Meanwhile, as friends began pairing off, becoming parents or both, I, more interested in partnership than parenthood, transitioned from a hopeless romantic to a not-so-rich-but-still-glamorous auntie, purely by default. Exhausted by too many false starts and what felt like increasingly desperate attempts at a happy ending without a clear idea of what I wanted it to look like, eventually, I let it go; changing careers, moving back to my hometown, and becoming more intentional about a future I was increasingly content to spend alone.

I certainly never expected my future to look like a man nine years my junior.

Since I’ve never been a so-called cougar, I’ll never fully understand what compelled my millennial man to approach the middle-aged, overweight, world-weary woman nursing a cocktail at the bar that night (especially since he doesn’t drink). He says he simply couldn’t shake the feeling he’d forever regret it if he didn’t. By contrast, I’ve learned to regret nothing; any perceived missteps on my path led me to that bar and to him.

Of course, falling in love in mid-life is markedly different and not just because I’m more mature and self-aware. For me, most significantly, it’s been more honest. Requisite discussions — about whether biological parenthood (or parenthood at all) is imperative, what baggage and insecurities we’re working through, our fiscal responsibilities, mental health, and what we each need to invest and receive in a relationship — were early and essential in our understanding of each other. As a result, both my age and our age difference were quickly revealed to be irrelevant outside of our desire to be together as long as humanly possible. As it turned out, just like so many career pivots, advantageous opportunities and unexpected adventures that had defined my life before him, falling in love at this age was a much-needed reminder to never count myself out.

Undeniably, there is a singular magic to finding your person well past the age you’ve been told you should settle, but as special as I might consider my love story, I’m not an anomaly. In October 2023, theGrio’s White House correspondent April Ryan tied the knot at age 56 in a lavish ceremony. Anika Noni Rose was a radiant bride at 50 when she married fellow actor Jason Dirden in 2022, as was Niecy Nash-Betts, who took another bet on love when she married Jessica Betts in 2020. And in January of this year, legendary supermodel Beverly Johnson, 70, announced she had recently wed her longtime love, joining the ranks of countless other women (and men) whose marriages don’t typically make headlines — while bearing in mind that while marriage is a standard metric of legal commitment, it’s no measure of lasting love and companionship.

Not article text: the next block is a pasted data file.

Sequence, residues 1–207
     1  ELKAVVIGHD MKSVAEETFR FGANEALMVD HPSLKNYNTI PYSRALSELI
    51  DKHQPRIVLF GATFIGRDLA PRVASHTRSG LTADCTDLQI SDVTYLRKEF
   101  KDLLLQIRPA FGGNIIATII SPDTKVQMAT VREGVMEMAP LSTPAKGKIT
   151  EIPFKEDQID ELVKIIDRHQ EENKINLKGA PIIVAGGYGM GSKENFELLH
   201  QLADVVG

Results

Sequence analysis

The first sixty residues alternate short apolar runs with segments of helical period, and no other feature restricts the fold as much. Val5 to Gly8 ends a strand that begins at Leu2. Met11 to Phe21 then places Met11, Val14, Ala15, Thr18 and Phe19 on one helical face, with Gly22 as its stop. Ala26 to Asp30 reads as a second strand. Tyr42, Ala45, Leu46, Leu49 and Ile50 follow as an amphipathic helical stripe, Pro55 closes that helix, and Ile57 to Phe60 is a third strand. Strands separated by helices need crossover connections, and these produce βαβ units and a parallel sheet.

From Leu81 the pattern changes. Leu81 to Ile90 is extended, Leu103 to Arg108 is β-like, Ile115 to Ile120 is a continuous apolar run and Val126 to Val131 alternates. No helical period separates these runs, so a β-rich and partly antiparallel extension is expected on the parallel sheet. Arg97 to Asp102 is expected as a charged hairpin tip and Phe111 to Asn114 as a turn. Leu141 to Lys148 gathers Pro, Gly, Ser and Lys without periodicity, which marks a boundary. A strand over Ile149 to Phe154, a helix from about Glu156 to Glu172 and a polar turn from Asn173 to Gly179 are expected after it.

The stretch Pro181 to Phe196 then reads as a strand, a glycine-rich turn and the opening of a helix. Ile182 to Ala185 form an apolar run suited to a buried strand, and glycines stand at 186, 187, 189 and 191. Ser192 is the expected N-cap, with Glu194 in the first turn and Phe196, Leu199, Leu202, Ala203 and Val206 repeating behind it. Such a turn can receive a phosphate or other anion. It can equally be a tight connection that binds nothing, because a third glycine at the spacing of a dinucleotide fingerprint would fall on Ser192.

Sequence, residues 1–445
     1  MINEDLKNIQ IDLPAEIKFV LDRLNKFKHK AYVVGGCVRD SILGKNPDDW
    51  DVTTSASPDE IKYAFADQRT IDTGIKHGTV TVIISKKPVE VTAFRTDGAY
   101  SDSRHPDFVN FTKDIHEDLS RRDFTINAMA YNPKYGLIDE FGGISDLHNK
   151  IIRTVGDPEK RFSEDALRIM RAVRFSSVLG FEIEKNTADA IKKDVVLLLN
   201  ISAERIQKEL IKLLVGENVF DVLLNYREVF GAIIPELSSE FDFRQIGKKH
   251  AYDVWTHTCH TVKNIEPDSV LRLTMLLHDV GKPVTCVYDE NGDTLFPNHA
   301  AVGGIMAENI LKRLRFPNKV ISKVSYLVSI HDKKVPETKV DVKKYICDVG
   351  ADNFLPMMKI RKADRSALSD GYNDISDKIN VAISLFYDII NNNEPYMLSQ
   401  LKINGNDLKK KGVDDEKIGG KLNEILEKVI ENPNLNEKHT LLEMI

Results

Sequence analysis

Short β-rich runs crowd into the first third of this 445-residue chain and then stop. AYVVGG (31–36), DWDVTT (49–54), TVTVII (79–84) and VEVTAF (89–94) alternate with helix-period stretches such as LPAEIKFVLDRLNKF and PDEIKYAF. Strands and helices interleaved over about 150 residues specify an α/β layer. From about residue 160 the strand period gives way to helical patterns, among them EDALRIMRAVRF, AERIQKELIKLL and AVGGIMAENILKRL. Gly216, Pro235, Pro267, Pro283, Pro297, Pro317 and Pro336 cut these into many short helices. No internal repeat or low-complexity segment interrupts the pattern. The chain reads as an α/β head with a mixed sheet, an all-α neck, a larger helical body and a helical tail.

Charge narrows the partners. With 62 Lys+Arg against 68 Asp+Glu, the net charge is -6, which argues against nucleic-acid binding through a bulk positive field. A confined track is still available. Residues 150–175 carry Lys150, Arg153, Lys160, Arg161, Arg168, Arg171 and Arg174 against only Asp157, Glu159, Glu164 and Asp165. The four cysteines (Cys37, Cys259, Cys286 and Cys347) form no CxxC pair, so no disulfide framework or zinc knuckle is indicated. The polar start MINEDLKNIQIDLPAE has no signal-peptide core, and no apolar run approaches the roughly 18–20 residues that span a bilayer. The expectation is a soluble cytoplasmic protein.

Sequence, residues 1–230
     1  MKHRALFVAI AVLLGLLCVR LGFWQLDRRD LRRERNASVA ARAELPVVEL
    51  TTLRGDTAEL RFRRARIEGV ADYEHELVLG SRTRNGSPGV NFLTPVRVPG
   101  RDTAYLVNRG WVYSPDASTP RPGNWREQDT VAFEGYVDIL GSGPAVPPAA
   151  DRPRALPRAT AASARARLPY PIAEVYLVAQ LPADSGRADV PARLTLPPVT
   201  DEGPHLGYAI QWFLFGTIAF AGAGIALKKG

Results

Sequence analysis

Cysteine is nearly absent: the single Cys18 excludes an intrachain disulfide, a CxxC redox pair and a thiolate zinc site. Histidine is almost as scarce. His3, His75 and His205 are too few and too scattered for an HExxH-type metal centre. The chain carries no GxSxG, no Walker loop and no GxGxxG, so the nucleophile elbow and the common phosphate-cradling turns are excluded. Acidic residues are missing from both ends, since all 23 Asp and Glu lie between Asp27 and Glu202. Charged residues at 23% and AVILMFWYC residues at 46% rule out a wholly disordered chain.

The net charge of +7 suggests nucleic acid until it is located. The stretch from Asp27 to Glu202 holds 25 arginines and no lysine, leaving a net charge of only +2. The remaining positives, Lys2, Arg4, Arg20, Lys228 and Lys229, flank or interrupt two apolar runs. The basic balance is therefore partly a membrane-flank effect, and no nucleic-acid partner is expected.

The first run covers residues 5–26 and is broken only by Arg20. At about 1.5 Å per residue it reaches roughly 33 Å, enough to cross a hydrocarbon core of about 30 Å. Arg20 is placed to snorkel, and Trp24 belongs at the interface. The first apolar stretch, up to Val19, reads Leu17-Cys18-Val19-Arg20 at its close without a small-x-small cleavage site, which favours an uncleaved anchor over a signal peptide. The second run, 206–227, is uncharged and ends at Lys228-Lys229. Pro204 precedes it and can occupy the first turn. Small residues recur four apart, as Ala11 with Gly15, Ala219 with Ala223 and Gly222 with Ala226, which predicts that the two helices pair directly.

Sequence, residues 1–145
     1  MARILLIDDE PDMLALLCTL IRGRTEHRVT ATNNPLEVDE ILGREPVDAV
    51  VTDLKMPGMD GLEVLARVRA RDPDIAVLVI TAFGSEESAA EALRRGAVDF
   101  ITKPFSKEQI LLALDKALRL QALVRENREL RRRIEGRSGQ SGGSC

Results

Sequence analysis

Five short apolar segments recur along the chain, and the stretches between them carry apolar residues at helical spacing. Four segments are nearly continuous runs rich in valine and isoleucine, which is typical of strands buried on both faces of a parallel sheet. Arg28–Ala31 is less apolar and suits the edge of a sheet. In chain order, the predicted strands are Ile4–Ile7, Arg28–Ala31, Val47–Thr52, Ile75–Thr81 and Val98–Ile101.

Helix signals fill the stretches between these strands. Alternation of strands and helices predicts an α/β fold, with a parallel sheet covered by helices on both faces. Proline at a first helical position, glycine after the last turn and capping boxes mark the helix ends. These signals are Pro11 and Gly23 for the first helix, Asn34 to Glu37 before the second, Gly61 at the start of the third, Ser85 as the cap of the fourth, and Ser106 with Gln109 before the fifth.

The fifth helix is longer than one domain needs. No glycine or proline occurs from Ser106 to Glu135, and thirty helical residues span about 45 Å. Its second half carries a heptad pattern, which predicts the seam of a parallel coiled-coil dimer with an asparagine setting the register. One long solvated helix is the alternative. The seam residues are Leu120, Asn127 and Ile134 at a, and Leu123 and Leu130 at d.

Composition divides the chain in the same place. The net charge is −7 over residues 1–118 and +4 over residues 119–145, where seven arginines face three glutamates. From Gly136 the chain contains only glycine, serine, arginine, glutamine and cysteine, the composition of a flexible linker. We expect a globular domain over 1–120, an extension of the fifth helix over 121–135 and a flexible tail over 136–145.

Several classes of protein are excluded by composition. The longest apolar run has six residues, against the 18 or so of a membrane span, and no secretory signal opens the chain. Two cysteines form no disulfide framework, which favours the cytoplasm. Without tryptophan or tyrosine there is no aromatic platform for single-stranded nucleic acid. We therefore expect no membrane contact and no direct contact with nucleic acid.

Recent research confirms this is more than a new or passing trend. “Since 1990, the midlife first marriage rate has increased by 75% for women and 45% for men,” reads a 2022 report from the National Center for Biotechnical Information, adding: “The shares of women and men entering a first marriage who were aged 40-59 quadrupled between 1990 and 2019…”

In short, there is no expiration date on romance, no timeline for love, and one can’t “age out” of attracting either. There may be no foolproof formula to finding your person — for me, it took a personal inventory and a chance encounter — but there’s no inherent failure in it taking the time it takes, either.

With that in mind, as we approach Valentine’s Day, theGrio launches its annual celebration of Black love with mature love as our inspiration. Whether new love, enduring love, unexpected love or a second, third or umpteenth chance at love, the couples we’ll be profiling in this week’s series are all over 40, each offering a unique perspective on the depths of love that can be reached past first blush. Some are finding new ways to enjoy each other after decades together; others are experiencing whirlwind romances; some are breaking generational curses and still others are unlocking new layers of love after incalculable loss. Let them all serve as reminders that love is an eternal adventure — and yes, it can be greater later.

Maiysha Kai is theGrio’s lifestyle editor, covering all things Black and beautiful. She is also the editor-author of Body: Words of Change series and the host of ‘Writing Black on theGrio Black Podcast Network.